Will Obama's Foreclosure Reduction Plan Help You?

Last week, President Obama was in town to announce his plan to help stem the tide of foreclosures. Arizona has been particularly hard hit, which is one reason why he chose to come here to give his speech.

Mr. Obama began by describing how all of us are paying a price as a result of the home mortgage crisis – depressed home values, businesses closing, and high costs to local government.

So, he set out a four-part plan to try to stop the slide in home prices and shrink the foreclosure rate.

  1. Refinancing options for homeowners holding mortgages with Fannie Mae or Freddie Mac, even if there is little or no equity in the home.

    This is great, but only applies to a small percentage of homeowners.

  2. New incentives for lenders to work with borrowers to modify the terms of sub-prime loans at risk of default and foreclosure.

    In describing this part of his plan, Mr. Obama used phrases like "encourage lenders to modify mortgages" and "if... the lender agrees."


    I'm skeptical that lenders will be receptive to this, even with the additional incentives that the government will offer. Lenders just don't seem to have business models in place to be able to understand and implement new and changing plans for their customers.

    They seem to want to stick with what they understand – lend, service, and foreclose for non-payment.


    Only time will tell if this part of Obama's plan has any significant impact.

  3. The government will continue to purchase Fannie Mae and Freddie Mac mortgage-backed securities so that there is stability and liquidity in the marketplace.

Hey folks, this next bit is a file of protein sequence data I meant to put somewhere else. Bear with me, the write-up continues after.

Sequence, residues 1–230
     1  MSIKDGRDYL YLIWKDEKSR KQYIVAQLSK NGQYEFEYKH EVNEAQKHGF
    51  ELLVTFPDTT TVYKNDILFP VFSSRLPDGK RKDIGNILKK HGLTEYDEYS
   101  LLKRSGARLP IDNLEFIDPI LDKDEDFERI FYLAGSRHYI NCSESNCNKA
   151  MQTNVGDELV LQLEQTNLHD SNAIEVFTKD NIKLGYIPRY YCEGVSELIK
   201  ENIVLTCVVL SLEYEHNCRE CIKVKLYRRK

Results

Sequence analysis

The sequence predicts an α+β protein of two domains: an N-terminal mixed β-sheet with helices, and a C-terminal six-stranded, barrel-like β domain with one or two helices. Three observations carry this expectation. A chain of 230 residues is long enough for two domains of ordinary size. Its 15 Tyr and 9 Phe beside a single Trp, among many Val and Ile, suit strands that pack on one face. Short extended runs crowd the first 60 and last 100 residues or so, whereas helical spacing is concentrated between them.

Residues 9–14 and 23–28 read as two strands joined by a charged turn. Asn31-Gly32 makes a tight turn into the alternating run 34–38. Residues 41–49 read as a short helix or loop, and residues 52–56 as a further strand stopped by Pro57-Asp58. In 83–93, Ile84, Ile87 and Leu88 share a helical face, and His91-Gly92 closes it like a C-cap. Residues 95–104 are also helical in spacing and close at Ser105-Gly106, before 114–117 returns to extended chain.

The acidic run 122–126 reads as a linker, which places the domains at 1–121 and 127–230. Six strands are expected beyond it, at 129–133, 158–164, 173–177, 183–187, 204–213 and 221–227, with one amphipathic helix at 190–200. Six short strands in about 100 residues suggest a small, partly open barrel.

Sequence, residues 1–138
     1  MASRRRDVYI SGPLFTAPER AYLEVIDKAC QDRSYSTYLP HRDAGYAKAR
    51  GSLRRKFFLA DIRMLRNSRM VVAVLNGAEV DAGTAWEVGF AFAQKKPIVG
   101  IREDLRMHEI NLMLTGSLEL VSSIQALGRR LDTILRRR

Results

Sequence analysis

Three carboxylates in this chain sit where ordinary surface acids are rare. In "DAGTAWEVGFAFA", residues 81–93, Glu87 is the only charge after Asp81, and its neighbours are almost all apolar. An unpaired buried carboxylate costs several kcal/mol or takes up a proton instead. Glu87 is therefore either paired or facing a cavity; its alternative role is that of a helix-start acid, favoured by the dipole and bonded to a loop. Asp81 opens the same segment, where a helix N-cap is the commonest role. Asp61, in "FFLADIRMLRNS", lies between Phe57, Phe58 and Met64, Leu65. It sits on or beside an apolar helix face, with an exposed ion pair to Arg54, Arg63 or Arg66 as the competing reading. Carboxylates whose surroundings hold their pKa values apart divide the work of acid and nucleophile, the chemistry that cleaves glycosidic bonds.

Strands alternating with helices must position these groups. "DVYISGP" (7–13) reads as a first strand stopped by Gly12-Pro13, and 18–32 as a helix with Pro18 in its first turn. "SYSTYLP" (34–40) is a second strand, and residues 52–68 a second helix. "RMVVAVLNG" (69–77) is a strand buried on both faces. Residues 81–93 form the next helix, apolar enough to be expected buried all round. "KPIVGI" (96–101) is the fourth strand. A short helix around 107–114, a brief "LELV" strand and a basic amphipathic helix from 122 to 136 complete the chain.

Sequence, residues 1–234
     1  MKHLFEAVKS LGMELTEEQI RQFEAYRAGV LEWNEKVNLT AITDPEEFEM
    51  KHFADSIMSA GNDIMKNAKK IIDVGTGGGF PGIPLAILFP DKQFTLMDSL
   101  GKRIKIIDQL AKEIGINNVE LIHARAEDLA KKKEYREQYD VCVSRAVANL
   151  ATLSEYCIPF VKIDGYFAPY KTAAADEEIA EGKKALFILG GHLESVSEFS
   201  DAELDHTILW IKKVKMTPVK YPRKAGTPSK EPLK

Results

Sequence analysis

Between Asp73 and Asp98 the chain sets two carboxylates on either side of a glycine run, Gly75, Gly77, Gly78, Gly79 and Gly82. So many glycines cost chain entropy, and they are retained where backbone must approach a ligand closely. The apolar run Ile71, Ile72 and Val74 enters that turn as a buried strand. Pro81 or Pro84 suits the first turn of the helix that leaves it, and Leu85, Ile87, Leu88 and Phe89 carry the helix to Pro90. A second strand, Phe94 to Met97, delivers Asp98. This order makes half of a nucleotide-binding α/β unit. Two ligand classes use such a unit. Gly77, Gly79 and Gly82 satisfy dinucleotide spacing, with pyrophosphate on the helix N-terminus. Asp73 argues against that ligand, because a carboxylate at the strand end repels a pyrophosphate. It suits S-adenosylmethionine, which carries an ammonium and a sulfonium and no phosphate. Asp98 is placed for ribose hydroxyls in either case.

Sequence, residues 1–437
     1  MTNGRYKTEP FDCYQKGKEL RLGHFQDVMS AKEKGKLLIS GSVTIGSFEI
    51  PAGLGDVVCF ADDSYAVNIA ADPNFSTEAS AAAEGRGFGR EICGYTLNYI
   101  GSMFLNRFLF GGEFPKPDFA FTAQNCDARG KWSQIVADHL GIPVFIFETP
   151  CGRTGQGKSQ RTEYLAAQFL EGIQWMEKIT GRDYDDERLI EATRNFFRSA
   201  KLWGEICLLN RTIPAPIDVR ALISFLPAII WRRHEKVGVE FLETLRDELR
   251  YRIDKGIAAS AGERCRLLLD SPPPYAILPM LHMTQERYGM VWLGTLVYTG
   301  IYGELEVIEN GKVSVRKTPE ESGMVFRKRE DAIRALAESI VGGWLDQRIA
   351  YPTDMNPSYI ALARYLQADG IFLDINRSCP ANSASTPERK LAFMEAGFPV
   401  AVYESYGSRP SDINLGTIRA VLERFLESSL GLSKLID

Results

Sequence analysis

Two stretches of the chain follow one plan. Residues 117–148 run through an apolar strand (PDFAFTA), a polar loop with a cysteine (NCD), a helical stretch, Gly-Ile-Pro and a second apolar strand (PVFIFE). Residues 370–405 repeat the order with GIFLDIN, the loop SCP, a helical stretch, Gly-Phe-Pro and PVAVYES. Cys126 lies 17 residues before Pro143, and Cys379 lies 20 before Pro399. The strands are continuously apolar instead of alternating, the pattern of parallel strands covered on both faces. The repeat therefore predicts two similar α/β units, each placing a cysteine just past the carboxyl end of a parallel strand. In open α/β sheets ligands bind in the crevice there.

How you feel about this point depends on if you believe that large government expenditures will ultimately lead to economic growth, business development, and consumer confidence.

  4. Support for reforming our bankruptcy rules to allow judges to reduce home mortgages on primary residences to fair market value.

    Up until this point, Obama had talked about action that he could take with pre-approved funds and with his executive authority. However, this fourth point will require congressional modification of the bankruptcy code – an unpredictable and potentially lengthy process.

    There is actually pending legislation already for judicial modifications in bankruptcy (HR 200 and S 60). Of course, these proposals are constantly being modified, and there is no guarantee of what form they will have when or if they are passed.

    However, if judicial modification of a primary mortgage is passed by Congress, it may provide the “stick” that would encourage the lenders to take the “carrots” offered by Obama in point 2 above.

    As Obama noted in his speech, in a Chapter 13 bankruptcy, judges are currently allowed to modify or “cram down” any type of secured debt, except a primary residence. This is an odd exclusion that doesn’t really make a lot of sense, especially in this economic climate.

Hopefully, within the next few months, some of the open questions will be settled. But, for now, there is still a lot of uncertainty about your options for modifying the loan on your primary residence.